On the wall of the Fletcher Gate entrance is a War Memorial to 1,203 men of this firm who answered the call in the Great War, 171 of whom made the supreme sacrifice and whose names are recorded. Erected in grateful memory by the Firm and Staff.


WILLIAM WILSON was a Cotton Spinner at the Mill on Ilkeston Road, Old Radford, and resided for some years in Plumptre House, Stoney Street. His wife was a sister of John and Richard Morley, the founders of the hosiery firm. He was one of the Sheriffs in 1798, for there were then two town Sheriffs, the duality being a remnant of the days when one was appointed for the English borough, and the other for the French borough. He served as Mayor in 1811, and three times afterwards. In December of the year named, the price of wheat was 140 shillings per quarter, and there was famine and destitution. The Mayor called a meeting for promoting relief, and £4,184 was raised. In 1831 he was acting as ex-Mayor, and when the Reform Riots began, on a Goose Fair Sunday, Mr. Wilson was fetched out of Castle Gate Chapel, where he was a deacon, and rushing out he exhorted the rioters to refrain and disperse, when he was struck a severe blow on the neck, and thereupon the Riot Act was read. The popular fury burst out again the next day, and the Castle was burnt.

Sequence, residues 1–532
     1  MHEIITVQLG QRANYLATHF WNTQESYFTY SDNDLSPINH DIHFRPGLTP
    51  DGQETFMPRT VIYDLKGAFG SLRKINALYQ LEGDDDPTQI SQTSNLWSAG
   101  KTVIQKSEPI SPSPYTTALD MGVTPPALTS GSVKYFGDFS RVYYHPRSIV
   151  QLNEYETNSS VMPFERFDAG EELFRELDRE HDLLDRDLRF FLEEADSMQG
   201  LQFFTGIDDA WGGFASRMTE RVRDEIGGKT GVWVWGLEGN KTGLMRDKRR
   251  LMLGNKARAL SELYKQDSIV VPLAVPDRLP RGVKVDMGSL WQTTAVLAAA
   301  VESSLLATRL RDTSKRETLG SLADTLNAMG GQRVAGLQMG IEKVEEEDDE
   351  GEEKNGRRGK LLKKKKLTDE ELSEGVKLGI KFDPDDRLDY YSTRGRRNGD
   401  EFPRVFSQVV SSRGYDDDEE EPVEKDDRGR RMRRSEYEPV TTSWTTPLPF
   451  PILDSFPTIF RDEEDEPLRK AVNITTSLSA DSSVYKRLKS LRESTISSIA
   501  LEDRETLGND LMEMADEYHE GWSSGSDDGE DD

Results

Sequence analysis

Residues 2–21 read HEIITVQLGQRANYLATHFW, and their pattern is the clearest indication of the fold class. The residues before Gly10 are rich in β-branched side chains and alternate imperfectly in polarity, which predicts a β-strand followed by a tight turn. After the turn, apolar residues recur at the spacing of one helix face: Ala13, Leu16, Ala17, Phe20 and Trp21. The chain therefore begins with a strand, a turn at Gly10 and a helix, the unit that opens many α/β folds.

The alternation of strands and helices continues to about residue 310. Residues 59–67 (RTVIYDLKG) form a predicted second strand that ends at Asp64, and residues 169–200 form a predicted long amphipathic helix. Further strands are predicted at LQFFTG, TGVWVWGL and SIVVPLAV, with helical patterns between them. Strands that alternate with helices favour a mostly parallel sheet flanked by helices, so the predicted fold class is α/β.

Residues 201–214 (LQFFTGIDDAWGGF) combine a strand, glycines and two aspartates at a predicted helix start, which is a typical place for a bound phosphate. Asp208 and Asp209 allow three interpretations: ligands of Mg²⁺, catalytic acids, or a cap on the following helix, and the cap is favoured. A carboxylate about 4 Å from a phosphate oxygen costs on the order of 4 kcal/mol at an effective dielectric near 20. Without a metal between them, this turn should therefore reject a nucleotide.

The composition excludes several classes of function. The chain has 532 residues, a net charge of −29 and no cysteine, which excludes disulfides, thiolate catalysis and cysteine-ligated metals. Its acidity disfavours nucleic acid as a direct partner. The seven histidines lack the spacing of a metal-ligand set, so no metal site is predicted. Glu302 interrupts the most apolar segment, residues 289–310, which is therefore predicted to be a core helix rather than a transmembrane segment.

WILLIAM WILSON, (d. 1866), son of the above, carried on the cotton business for some years, and lived at the house adjoining the Leen at Old Radford. He built Mission Schools. The latter part of his life was spent at Sherwood Hall, Mansfield, where his son

HENRY J. WILSON leased one thousand acres of forest land, and in lieu of rent had to subdue and clear it, and bring it into a proper state of cultivation. He then removed to Sheffield, and for fifteen years served as a member of the School Board, and afterwards was for twenty-five years M.P. for the Holmfirth division, every election, except one, being contested by a fresh opponent. He took an active part in opposing the state regulation of vice, and supporting Social Purity, being co-Secretary with Mrs. Josephine Butler in that work. As a member of the Royal Commission on the growth of Opium in India to be sent to China for the sake of revenue, he visited India to see its action, and joined in securing its abandonment.